Coming out of the closet: my first meet up with other Type 1 diabetics

 

 

 

 

 

 

 

 

bbblogo-final

 

 

This post got the Best of the ‘Betes Blog award for my story about a D-meetup in October 2013. Thank you!

 

 

Image

Connected in Motion‘s trampoline dodgeball tournament this past weekend. Here we are, team Tight & Bright! We lost, but we can be seen a mile away in our neon attire. That’s a win in my books. 

It’s funny how quickly I went from a confident, bubbly personality to an insecure little schoolgirl.

The night before my first type one outing, I felt like it was the first day of school.

Thoughts went as follows: Will they like me? What time should I get up so I have ample time to prepare? Will they like me? I hope I don’t seem like a newbie diabetic. What’s wrong with being a newbie diabetic? Will they like me? Is everyone going to be on pumps? What if I get a low? Will they like me? Maybe I shouldn’t do this….

You get the point. But once I got in and introduced myself, that feeling went away in about 90 seconds.

Cue applause for Connected In Motion-an amazing group of T1D’s and for the first time, I was surrounded by people who got it. Got what it meant to deal with diabetes day in and day out.

The most beautiful part of all of this? None of it had to be said.

It was a very big step for me. Last year I remember being in hysterics crying to my close friends and family, begging them to keep my secret.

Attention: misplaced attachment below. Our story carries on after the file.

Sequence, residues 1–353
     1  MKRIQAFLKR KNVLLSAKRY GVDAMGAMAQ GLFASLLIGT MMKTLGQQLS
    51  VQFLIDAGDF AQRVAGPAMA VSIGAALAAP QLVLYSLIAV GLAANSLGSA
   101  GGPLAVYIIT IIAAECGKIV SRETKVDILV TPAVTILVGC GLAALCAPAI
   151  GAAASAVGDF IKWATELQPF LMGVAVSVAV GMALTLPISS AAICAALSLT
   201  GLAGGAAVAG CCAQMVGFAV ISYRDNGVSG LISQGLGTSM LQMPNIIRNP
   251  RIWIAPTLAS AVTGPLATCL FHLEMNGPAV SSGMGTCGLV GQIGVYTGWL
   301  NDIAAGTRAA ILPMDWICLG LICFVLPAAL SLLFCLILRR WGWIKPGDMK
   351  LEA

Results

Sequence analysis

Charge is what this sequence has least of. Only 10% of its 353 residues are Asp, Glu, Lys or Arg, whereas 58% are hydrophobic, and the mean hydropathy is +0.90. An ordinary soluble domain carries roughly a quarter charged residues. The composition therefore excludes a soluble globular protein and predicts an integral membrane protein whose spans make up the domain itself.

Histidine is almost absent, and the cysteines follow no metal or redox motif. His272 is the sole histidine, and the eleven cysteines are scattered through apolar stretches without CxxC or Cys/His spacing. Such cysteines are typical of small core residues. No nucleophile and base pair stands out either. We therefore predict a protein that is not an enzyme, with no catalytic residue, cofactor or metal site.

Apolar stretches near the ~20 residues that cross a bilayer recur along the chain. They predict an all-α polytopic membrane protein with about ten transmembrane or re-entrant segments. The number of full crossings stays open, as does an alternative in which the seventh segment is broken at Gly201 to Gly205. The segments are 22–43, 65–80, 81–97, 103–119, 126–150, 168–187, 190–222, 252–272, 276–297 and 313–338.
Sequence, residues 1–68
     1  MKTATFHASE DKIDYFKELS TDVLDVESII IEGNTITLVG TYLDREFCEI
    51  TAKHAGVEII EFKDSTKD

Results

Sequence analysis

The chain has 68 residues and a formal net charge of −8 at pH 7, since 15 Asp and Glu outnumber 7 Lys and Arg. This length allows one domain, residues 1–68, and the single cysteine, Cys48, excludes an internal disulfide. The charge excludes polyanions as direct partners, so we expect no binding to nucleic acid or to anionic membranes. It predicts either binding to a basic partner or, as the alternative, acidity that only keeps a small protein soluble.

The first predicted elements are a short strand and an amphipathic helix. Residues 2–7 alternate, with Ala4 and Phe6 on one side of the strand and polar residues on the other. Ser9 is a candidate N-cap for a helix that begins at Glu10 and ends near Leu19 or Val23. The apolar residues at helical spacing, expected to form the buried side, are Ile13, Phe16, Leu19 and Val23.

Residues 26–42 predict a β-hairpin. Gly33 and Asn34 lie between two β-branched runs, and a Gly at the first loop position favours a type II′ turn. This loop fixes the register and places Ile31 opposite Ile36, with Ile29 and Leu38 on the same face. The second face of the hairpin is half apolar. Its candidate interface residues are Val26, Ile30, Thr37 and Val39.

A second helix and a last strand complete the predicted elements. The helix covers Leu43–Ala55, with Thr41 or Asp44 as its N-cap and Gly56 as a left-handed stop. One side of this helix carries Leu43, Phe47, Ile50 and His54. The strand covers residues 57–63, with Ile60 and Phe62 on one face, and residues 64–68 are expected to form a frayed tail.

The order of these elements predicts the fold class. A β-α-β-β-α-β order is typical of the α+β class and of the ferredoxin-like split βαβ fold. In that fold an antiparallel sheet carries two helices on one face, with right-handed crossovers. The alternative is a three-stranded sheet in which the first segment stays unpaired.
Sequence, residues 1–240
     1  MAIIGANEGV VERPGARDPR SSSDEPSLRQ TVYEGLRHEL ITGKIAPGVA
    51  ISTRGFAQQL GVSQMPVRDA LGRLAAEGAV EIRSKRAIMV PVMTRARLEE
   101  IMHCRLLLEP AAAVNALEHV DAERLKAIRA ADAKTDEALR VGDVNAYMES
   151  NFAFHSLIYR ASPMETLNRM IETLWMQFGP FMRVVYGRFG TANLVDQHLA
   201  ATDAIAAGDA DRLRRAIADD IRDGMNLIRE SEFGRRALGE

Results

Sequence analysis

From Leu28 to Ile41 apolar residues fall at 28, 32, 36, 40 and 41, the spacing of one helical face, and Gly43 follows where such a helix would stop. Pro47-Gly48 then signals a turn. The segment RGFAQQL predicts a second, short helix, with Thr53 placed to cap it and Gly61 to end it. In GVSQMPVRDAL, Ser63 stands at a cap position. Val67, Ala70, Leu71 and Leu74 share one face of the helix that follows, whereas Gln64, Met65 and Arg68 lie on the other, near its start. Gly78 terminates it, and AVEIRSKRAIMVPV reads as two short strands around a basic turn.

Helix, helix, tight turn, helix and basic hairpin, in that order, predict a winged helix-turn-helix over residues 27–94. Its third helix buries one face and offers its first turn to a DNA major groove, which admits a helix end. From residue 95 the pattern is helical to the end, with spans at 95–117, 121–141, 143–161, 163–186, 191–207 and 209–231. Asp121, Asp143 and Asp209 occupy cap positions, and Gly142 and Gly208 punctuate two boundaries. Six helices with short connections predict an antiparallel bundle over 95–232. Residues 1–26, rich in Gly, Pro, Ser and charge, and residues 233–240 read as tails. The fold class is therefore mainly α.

I remember that dreaded moment when I realized I had to tell my pace leader at run club that I had diabetes. I motioned her to come close to me, separating us from the group.

“Listen, you can’t tell ANYONE but I have type 1 diabetes. Please don’t say a word. But I just thought you should know in case something happens.”

To this day a lot of people still don’t know I have diabetes. 

I think part of the reason I was and still am at times apprehensive about talking about it is because I feel that the majority of the population really don’t know what it is. Diabetes is made fun of. It’s associated with overweight and unhealthy people who don’t take care of themselves.

Every time I had to tell someone I would say very sternly…

“This has NOTHING to do with how much sugar I consumed. I did nothing to provoke this. I was living a very healthy lifestyle.  No I cannot be cured by a detox cleanse or boiling seeds from the highest treetops in Costa Rica. I’m sorry to hear your great uncle Bob has diabetes. He still eats cake? That’s nice. No I can’t just pop a pill be fine. This is an autoimmune disease! It wasn’t my fault. It wasn’t my fault… do you hear me? This wasn’t my fault.”

In fact it wasn’t until recently that I stopped asking my endocrinologist each and every visit if there was anything I could have done to have prevented type 1 diabetes.

She has been wonderful about it, being supportive and with a calming voice reassuring me each time. I knew the answer wouldn’t change, but I needed to hear it from a medical professional. Multiple times.

It has been a long, dark and incredibly challenging journey this past year. Spending half a day amongst people with the same disease has helped me in ways I’m sure I don’t even know. I don’t feel alone anymore.

I will delve into this topic in more detail in later posts but my main message is this: If you are dealing with diabetes, break through the insecurity and go find a support group. You don’t know what you’re missing until you experience what it’s like to be supported by strangers and hopefully new friends.

Thank you Connected in Motion. Saturday’s experience is one I’ll never forget. Now here is a shot of two amazing legs from team Tight & Bright.

Image

Putting one foot in front of the other,

Jessica